A study from the University of California, San Francisco looked at 8,400 young people and suggested that smoking is a risk for complications from the virus, along with diabetes, asthma, obesity and other health conditions.
The numbers get pretty convoluted, but a UC San Francisco article sums it up. Essentially, it says that among nonsmokers, about 16 percent of young people are susceptible to serious complications from COVID-19. In the overall group which includes smokers, that number roughly doubles to 31.5 percent.
“Recent evidence indicates that smoking is associated with a higher likelihood of COVID-19 progression, including increased illness severity, ICU admission or death,” said Dr. Sally Adams of US San Francisco. “Smoking may have significant effects in young adults, who typically have low rates for most chronic diseases.”
“The risk of being medically vulnerable to severe disease is halved when smokers are removed from the sample,” said senior author Charles Irwin Jr., MD, of the UCSF Division of Adolescent and Young Adult Medicine. “Efforts to reduce smoking and e-cigarette use among young adults would likely lower their vulnerability to severe disease.”
UC San Francisco is a major research center into tobacco studies.
This study contradicts an earlier study that seemed to suggest that nicotine somehow protected people’s lungs from COVID-19. That study was done very early during the pandemic and I was pretty skeptical of it from the get go.
An interesting story out of the UK: A study done by the University College London showed that more people in the UK quit in 2020 than at any time since 2007. That’s credited to concerns about smokers being more vulnerable to complications from the COVID-19 virus.
A team at University College London has been asking 1,000 people a month in England about their smoking habits since 2007 as part of the Smoking Toolkit Study.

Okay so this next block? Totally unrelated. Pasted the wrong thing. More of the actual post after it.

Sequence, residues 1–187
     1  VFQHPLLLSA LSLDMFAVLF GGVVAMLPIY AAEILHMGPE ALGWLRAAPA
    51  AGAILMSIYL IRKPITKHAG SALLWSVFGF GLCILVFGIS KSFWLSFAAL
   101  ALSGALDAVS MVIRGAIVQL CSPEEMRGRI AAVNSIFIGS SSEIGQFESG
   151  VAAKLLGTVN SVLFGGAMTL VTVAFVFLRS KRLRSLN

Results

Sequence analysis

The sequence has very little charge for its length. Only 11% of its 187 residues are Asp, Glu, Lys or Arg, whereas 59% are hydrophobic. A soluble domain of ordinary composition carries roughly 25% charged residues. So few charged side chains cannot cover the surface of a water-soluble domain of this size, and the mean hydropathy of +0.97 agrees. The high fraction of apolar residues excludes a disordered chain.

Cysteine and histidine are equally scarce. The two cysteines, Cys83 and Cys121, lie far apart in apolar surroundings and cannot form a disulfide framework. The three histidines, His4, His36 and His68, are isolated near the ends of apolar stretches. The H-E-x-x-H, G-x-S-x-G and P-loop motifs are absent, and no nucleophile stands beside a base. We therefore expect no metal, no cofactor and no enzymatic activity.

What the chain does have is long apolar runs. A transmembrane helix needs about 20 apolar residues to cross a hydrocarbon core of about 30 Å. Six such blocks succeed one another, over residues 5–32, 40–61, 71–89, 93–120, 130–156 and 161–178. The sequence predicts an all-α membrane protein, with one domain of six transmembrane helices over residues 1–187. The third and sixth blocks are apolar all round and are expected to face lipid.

In the year to June 2020, 7.6% of smokers taking part in the survey quit – almost a third higher than the average and the highest proportion since the survey began more than a decade ago.
On average, 5.9% of surveyed smokers quit per year since 2007.
Data isn’t complete and plenty of studies are going to be done on the connection between smoking and COVID-19 mortality. However, a lot of signs sure point to smokers doing worse responding to COVID-19 than nonsmokers.
From the BBC article:
Data from the Zoe Covid Symptom Tracker app suggested smokers were 14% more likely than non-smokers to develop the three “classic” symptoms of coronavirus infection – fever, persistent cough and shortness of breath.
The app, created by researchers at Guy’s and St Thomas’ hospitals and King’s College London, analysed data from more than 2.4 million UK participants.
I live in a state in which masks are mandated to prevent the spread of COVID-19.
The other day I went to the grocery store, and I estimated that at least 20 people in the store were not wearing masks. I noticed two distinct groups refusing to wear masks — people under 35 and women of all ages.
Interestingly enough, I’d say every single guy in the store over the age of 40 was wearing a mask. Not sure I saw one older guy without one. I saw a few older women not wearing masks.
Anyway, it’s been interesting to see and read the rhetoric against wearing masks and how much the rhetoric sounds EXACTLY like something I’ve heard before.
Others have pointed out that the debate over wearing masks is a lot like the debates a couple of decades ago over seatbelt laws.
Massachusetts radio personality Jerry Williams transformed his talk show into a crusade against seat belts, gathering 45,000 signatures in three months. He managed to get a referendum on the ballot to repeal the state’s new belt law.
“We don’t feel we should be forced to buckle up and have a police officer sent in by the state to make sure we’re buckled up,” Williams told the South Florida Sun-Sentinel in 1986.
“There was a libertarian streak among resistors,” Nader told Business Insider. “They took the stance that ‘you’re not going to tie the American people up in seat belts.'”
A similar ideology seems to be fueling pushback against face covering during the pandemic.
Republican Gov. Mike DeWine of Ohio was forced to rescind his face-mask order, he told ABC News, when he realized Ohioans “were not going to accept the government telling them what to do.”
In California, an anti-lockdown protester held a sign comparing wearing masks to slavery, Newsweek reported.
Nader says he believes most modern-day mask slackers are fueled by obstinance, not a political agenda.